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dc.contributor.authorBarnes, Ralph M.
dc.contributor.authorTobin, Stephanie J.
dc.contributor.authorJohnston, Heather M.
dc.contributor.authorMacKenzie, Noah
dc.contributor.authorTaglang, Chelsea M.
dc.date.accessioned2017-05-12T19:18:41Z
dc.date.available2017-05-12T19:18:41Z
dc.date.issued2016-11
dc.identifier.citationBarnes, Ralph M, Stephanie J Tobin, Heather M Johnston, Noah Mackenzie, and Chelsea M Taglang. "Replication Rate, Framing, and Format Affect Attitudes and Decisions about Science Claims." Frontiers in Psychology (November 2016). DOI:https://dx.doi.org/10.3389/fpsyg.2016.01826.en_US
dc.identifier.issn1664-1078
dc.identifier.urihttps://scholarworks.montana.edu/xmlui/handle/1/12834
dc.description.abstractA series of five experiments examined how the evaluation of a scientific finding was influenced by information about the number of studies that had successfully replicated the initial finding. The experiments also tested the impact of frame (negative, positive) and numeric format (percentage, natural frequency) on the evaluation of scientific findings. In Experiments 1 through 4, an attitude difference score served as the dependent measure, while a measure of choice served as the dependent measure in Experiment 5. Results from a diverse sample of 188 non-institutionalized U.S. adults (Experiment 2) and 730 undergraduate college students (Experiments 1, 3, and 4) indicated that attitudes became more positive as the replication rate increased and attitudes were more positive when the replication information was framed positively. The results also indicate that the manner in which replication rate was framed had a greater impact on attitude than the replication rate itself. The large effect for frame was attenuated somewhat when information about replication was presented in the form of natural frequencies rather than percentages. A fifth study employing 662 undergraduate college students in a task in which choice served as the dependent measure confirmed the framing effect and replicated the replication rate effect in the positive frame condition, but provided no evidence that the use of natural frequencies diminished the effect.en_US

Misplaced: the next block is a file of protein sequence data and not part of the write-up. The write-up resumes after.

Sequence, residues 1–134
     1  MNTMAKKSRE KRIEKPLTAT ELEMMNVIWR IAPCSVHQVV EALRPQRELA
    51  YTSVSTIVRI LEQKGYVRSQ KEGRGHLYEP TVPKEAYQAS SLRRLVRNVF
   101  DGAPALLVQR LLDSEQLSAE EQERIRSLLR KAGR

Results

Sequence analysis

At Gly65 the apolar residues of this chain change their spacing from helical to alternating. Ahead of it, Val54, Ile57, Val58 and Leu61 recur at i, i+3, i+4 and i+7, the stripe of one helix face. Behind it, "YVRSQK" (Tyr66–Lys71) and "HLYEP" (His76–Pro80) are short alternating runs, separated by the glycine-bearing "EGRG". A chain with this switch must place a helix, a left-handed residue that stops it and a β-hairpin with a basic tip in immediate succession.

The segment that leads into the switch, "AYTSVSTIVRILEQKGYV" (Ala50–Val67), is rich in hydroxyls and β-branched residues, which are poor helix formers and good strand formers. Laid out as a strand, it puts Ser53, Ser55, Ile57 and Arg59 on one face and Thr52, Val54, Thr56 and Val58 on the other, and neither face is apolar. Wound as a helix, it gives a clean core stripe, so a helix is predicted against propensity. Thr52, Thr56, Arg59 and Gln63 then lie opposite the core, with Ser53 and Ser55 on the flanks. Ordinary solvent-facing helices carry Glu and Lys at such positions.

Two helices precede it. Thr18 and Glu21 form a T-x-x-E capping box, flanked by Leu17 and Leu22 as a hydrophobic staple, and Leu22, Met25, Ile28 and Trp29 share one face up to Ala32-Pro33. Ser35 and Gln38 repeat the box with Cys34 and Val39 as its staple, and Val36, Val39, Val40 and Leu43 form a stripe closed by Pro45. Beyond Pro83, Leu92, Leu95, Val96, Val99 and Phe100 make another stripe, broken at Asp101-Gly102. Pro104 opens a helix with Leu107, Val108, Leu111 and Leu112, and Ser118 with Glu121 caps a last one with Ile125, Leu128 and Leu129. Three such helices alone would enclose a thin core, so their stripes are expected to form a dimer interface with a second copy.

dc.language.isoen_USen_US
dc.rights.urihttps://creativecommons.org/licenses/by-nc-sa/4.0/legalcodeen_US
dc.titleReplication Rate, Framing, and Format Affect Attitudes and Decisions about Science Claimsen_US
dc.typeArticleen_US
mus.citation.journaltitleFrontiers in Psychologyen_US
mus.identifier.categorySocial Sciencesen_US
mus.identifier.doi10.3389/fpsyg.2016.01826en_US
mus.relation.collegeCollege of Letters & Scienceen_US
mus.relation.departmentPsychology.en_US
mus.relation.universityMontana State University - Bozemanen_US
mus.data.thumbpage5en_US


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